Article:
On Tuesday morning, Andy McMillan and I launched XOXO, an epic festival and conference about disruptive creativity — bringing together artists and makers bypassing traditional middlemen to do what they love for a living, with the technologists building the platforms to make it possible.
If you haven't already seen it, take a look at the video we made, which pretty much explains everything:
We'd confirmed most of the entire lineup by Monday, including the founders and CEOs of Etsy, Kickstarter, Metafilter, 4chan, Canvas, Simple, VHX.tv and The Atavist, and the creators of World of Goo, MakerBot, Indie Game: The Movie, Star Wars Uncut, Diesel Sweeties and Black Apple. And Julia Nunes! (This is as close to WaxyCon as you're ever going to get.)
Andy and I debated back and forth about whether the project was ready to announce, and both of us were nervous. It's a unique project for Kickstarter, and we didn't know if we'd provided enough detail to convince people that we're working on something really exciting. We'd run all the numbers, and to do everything we wanted without cutting corners or selling out, the tickets would cost around $400. Was that price too high? What if only business and marketing types sign up? Is the festival too long, too short, too far to travel?
So many doubts, so many fears. We were betting it all — pre-selling every single ticket with a $125,000 goal. And we were serious: if it came up short, we'd walk away. Months of planning would be wasted, but at least we wouldn't have lost our shirts.
Until the last minute, we were debating whether to push it yet another week out to polish things up. Finally, we bit the bullet, cleaned up some final issues, and launched at 11:20am on Tuesday.
The reaction was explosive and immediate. In fact, I'd fully intended to write about the launch on Tuesday morning, but within 30 seconds of posting the Kickstarter project, my inbox exploded. I knew that Kickstarter's new social features were powerful, but this was intense. Before I'd even tweeted it myself, 20 people backed the project.
Less than two days later, it's passed $110k raised with over 60% of the tickets sold. (Update: It sold out completely in 50 hours!)
This is the most money I've allocated to a Kickstarter project--because it's going to be amazing. See you at XOXO kck.st/JDMcWl— apocryphal mat honan (@mat) May 23, 2012
Its high time for a new tech conference for people who build things, not overrun w/ brands & marketers. I am all for kck.st/JDMcWl— bigrocket.net (@bigrocketdaily) May 23, 2012
The list of speakers we've put together is great, but the list of attendees is amazing. We could easily do five more conferences just from the current attendee list. Some of the smartest and most creative people in the world are coming to XOXO, and almost every time I search a name I don't recognize, I'm impressed. Putting all these people in one room is going to be something special.
As far as I know, XOXO is also the biggest event ever funded on Kickstarter. When I first started working with Kickstarter in 2008, the idea of funding events came up regularly. Kickstarter was originally inspired by a concert that Perry wanted to throw in New Orleans back in 2001, but didn't want to deal with the up-front risk. I've always thought it was a perfect use for the site, but up until this point, barely anybody's tried to fund their entire ticket sales on it. I think this really validates Kickstarter as a tool for funding events.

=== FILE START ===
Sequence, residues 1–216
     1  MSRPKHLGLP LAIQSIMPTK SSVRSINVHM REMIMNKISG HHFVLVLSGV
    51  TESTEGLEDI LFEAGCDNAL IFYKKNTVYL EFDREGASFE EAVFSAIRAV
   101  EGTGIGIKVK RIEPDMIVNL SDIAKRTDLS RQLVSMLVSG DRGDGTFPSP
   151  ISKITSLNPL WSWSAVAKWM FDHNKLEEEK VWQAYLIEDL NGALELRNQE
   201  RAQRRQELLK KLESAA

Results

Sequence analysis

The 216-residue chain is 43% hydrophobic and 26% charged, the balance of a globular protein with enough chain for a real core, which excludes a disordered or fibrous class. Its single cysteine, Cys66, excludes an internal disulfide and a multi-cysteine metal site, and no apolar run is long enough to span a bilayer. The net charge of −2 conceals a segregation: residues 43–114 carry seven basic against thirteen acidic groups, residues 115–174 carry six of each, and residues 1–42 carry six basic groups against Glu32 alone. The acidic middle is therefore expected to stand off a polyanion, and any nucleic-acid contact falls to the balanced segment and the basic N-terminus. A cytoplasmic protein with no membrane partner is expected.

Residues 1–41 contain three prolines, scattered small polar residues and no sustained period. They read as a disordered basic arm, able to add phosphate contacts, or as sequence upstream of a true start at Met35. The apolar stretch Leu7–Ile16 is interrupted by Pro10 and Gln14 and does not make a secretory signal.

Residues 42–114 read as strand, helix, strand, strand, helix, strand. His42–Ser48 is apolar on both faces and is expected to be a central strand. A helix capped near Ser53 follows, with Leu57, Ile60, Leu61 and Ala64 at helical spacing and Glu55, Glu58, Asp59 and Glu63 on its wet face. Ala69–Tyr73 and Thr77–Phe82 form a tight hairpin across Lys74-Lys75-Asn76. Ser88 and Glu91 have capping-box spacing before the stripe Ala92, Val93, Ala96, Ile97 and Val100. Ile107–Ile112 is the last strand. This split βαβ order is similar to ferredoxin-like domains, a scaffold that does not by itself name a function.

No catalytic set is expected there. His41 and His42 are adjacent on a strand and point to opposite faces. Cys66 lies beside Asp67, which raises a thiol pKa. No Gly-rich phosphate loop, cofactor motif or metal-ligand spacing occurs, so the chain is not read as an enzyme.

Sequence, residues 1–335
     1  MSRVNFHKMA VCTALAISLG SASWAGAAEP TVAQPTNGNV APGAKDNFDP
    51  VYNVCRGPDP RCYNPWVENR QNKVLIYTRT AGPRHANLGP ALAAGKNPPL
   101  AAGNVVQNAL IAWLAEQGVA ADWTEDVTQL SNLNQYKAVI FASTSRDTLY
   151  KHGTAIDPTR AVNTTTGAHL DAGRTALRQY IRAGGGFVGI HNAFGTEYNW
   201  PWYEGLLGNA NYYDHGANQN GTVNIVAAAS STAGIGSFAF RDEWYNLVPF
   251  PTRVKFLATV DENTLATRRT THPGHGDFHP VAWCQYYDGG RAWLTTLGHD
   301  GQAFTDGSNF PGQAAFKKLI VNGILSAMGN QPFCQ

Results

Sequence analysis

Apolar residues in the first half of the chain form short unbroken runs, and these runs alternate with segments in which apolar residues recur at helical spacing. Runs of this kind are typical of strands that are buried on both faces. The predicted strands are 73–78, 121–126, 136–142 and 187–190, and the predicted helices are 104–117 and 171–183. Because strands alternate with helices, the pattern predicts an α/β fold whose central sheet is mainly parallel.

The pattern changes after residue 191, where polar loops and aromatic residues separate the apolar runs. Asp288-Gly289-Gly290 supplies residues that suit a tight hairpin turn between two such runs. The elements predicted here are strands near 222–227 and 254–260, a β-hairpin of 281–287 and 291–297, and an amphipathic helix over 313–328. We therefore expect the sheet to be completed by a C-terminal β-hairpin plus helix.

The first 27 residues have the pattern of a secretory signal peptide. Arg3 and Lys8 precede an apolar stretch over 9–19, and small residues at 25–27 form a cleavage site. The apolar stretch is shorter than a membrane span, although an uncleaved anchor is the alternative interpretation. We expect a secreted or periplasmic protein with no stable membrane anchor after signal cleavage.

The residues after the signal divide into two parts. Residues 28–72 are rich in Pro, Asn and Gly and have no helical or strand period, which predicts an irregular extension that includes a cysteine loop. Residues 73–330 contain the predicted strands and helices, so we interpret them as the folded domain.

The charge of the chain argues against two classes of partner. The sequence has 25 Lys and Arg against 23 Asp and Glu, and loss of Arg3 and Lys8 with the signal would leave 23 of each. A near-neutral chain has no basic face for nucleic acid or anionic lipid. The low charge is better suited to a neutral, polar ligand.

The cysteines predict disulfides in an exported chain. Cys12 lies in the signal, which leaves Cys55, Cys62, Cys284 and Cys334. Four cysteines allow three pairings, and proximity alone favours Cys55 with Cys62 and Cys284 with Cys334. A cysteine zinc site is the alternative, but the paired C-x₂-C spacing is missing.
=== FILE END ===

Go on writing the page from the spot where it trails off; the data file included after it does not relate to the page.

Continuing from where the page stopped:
There are a million things to do and we're just getting started. But, for now, I'm just grateful that everyone got it. We're at the very start of a Cambrian explosion of creativity, made possible by technology. Everything is awesome.
Kickstarter. Steam. App Store. Food carts. Netflix. Square. I like this trend. DISRUPT ALL THE THINGS.— Cabel Maxﬁeld Sasser (@Cabel) February 9, 2012
Tonight, I watched Neil Gaiman's commencement speech to this year's graduating class of the University of the Arts. All of it's worth watching, but this part of the speech (at the 17:20 mark) resonated with me.
We're in a transitional world right now, if you're in any kind of artistic field, because the nature of distribution is changing, the models by which creators got their work out into the world, and got to keep a roof over their heads and buy sandwiches while they did that, are all changing. I've talked to people at the top of the food chain in publishing, in bookselling, in all those areas, and nobody knows what the landscape will look like two years from now, let alone a decade away. The distribution channels that people had built over the last century or so are in flux for print, for visual artists, for musicians, for creative people of all kinds.
Which is, on the one hand, intimidating, and on the other, immensely liberating. The rules, the assumptions, the now-we're supposed to's of how you get your work seen, and what you do then, are breaking down. The gatekeepers are leaving their gates. You can be as creative as you need to be to get your work seen. YouTube and the web (and whatever comes after YouTube and the web) can give you more people watching than television ever did. The old rules are crumbling and nobody knows what the new rules are.
So make up your own rules.
I couldn't have said it better.
So, go check out the project, watch the video, and check out the speaker lineup. If you want to, back it. And I hope to see you in September!